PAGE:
Sunday, 24 January 2010

Complaisance, Complacence or a Struggle for Improvement?

There is often much comment in Gibraltar that in the GSD we have the better of two bad choices for government. The theory goes why elect the GSLP/Libs (the only alternative under the present electoral system), if the GSD has done overall much better than the GSLP/Libs ever did or could do. In this way the GSD is forgiven its ever increasing failings and failures and electors caste their votes in favour of the GSD.

This argument has historically justified dictatorship, totalitarianism and consequently evil. Many a regime that has committed atrocities, not least the Franco regime in Spain, has had their existence justified on such opportunistic, expedient and cowardly argument. It is a fundamentally flawed argument born of lazy indifference and usually made by those benefiting financially from the system that it seeks to justify and support. A system must not be justified or forgiven because it delivers second best.

It is an argument that favours mediocrity. If there are failings and failures the demand should be for reform of the system. Reform that will deliver excellence by correcting that which is wrong. The reform that is crying out to be made in Gibraltar is a reform to the electoral system such as will deliver two things. First encouragement for more people to stand for election and give the electorate a greater choice. Secondly a backbench to counteract the power of the executive.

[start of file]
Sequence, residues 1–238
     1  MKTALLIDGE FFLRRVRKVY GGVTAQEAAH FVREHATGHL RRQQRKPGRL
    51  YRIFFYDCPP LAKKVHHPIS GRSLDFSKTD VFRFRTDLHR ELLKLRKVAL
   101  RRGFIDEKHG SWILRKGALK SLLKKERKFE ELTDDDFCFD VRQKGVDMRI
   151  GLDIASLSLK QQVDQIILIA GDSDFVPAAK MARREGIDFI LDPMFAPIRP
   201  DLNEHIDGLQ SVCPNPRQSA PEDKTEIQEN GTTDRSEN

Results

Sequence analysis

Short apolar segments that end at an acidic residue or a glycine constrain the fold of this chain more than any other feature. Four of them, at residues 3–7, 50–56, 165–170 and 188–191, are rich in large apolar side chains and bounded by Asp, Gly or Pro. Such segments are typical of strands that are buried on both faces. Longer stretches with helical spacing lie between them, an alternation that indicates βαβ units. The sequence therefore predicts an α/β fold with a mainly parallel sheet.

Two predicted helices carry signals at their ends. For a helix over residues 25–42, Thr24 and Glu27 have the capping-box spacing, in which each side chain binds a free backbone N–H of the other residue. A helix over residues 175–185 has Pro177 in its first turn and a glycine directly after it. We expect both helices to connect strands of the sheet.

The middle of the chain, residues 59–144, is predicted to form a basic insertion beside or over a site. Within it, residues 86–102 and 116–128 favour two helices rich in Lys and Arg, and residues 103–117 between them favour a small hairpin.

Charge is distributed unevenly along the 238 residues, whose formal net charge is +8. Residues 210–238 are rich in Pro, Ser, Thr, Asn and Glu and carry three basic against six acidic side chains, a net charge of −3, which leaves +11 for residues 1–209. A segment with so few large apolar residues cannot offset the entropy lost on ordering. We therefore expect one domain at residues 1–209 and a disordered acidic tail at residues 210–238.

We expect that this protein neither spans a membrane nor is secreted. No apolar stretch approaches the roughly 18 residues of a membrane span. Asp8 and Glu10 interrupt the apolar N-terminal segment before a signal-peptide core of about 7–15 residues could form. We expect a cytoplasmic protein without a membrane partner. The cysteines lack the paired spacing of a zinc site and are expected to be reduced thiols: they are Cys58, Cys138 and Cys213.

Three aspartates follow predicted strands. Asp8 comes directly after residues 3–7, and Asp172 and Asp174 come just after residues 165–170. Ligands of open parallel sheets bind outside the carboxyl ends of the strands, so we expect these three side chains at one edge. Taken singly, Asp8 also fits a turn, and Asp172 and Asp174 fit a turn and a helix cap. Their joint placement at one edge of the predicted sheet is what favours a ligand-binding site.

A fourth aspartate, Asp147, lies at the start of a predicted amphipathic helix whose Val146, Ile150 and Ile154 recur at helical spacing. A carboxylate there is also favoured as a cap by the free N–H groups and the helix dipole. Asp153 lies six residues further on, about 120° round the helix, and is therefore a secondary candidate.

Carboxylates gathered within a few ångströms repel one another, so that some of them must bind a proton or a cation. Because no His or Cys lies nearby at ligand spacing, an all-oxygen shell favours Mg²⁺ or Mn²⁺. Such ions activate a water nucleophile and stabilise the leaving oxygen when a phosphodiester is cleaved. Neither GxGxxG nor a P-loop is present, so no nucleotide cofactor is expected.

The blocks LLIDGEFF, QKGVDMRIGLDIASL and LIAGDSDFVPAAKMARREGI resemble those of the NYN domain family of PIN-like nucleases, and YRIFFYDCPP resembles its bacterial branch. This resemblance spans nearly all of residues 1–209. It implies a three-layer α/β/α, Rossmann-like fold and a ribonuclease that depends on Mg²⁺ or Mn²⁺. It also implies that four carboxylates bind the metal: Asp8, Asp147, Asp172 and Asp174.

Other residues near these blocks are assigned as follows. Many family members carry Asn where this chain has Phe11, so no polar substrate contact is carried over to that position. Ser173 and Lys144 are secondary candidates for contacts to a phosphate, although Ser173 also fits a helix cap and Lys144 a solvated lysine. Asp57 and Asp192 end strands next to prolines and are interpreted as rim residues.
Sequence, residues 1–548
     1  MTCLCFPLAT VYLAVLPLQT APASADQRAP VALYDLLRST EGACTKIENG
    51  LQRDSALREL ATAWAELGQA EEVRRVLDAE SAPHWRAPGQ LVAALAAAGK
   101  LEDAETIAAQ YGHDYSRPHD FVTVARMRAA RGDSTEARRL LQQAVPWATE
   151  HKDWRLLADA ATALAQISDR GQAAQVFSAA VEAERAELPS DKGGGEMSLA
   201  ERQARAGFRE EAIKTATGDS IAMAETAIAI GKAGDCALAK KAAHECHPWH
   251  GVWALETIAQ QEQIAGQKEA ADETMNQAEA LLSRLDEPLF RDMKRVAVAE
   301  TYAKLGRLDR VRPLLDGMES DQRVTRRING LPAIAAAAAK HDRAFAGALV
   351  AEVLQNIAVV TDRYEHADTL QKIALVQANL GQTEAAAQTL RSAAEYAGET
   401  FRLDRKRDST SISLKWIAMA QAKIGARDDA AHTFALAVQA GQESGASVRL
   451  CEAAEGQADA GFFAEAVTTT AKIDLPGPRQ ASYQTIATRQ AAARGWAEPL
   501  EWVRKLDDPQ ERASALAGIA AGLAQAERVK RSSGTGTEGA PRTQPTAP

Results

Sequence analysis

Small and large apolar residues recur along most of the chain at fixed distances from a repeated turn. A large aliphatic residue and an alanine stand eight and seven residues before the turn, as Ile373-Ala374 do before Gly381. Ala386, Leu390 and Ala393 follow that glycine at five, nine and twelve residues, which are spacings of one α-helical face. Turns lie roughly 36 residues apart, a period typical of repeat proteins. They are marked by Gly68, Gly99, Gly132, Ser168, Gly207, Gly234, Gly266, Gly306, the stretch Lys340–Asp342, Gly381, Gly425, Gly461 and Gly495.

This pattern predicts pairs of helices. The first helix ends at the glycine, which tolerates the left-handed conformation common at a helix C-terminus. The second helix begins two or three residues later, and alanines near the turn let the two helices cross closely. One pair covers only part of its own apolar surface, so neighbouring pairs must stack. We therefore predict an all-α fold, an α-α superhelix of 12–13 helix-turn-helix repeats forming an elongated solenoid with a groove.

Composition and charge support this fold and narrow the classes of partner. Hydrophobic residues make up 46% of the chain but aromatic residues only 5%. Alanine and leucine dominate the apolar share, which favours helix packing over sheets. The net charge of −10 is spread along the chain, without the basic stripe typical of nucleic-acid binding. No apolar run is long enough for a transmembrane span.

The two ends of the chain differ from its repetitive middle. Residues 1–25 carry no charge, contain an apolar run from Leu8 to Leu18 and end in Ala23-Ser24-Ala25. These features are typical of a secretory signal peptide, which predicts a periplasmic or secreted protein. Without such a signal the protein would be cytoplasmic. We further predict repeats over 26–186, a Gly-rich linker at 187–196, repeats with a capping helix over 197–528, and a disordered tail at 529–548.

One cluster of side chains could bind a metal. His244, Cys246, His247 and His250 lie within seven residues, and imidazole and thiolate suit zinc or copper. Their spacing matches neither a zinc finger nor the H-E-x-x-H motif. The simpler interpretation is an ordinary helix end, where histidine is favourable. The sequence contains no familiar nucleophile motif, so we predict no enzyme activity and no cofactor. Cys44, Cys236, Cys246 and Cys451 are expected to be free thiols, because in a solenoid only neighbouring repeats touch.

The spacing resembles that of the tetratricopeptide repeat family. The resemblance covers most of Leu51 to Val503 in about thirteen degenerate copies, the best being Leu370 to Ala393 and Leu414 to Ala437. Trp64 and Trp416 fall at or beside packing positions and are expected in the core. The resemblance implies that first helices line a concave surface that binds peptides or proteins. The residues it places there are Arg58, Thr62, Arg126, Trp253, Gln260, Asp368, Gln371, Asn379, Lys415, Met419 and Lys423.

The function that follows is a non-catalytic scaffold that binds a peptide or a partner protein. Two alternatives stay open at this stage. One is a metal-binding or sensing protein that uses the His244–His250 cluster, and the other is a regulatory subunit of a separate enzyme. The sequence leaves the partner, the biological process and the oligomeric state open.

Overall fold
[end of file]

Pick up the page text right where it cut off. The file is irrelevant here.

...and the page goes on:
If evil and wrongdoing is to be avoided there is a need to separate the executive and the legislature. This will allow the rule of law to operate as it should. The executive can only act under powers given to it in laws passed by the legislature. This allows the legislature to act as an overseer of the executive and prevent what can be a quick descent into rule by virtual diktat. A fanciful thought? It has happened in what were previously British colonies, not least in Malta under Mintoff and not so long ago. Thankfully the ultimate check and balance in a democratic system, elections, usually make any such descent short lived but prevention is invariably better than cure.


  1. I have two comments on this blog.
    Firstly, was there not a fair amount of political hyperbole sometime back from our politicians on this point? Was this supposed to be part of the 'new' constitutional reform? If so, have the people of Gibraltar forgotten what the politicians said? Was it the GSD and or the GSLP?
    Secondly here in Gibraltar the ordinary man in the street is a political analyst, albeit an amateur. But what about our 'professional' political (paid and unpaid) analysts in the newspapers,radio and TV. They are mute. Why? Possible reasons are financial, loss of influence and fear. The media here in Gibraltar is definitely tame, very tame. A great shame.

  2. Politicians have for many years and elections promised electoral change, including the GSD prior to their getting into power in 1996. They have singularly failed to make the change. They repeated the promise when the change was not included in the 2006 Constitution by promising to legislate for backbenchers. This they have not done, nor do they seem to be working towards doing it.

    No political analyst writes about this type of issue. They do not seem either interested or else they are to "establishment minded" to want to rock the boat. The independence of al media in Gibraltar must be doubted. The Gibraltar Chronicle is heavily dependent on the goodwill of the incumbent government. GBC is entirely dependent on government financing. Most other newspapers have direct or indirect connections with one or other political party.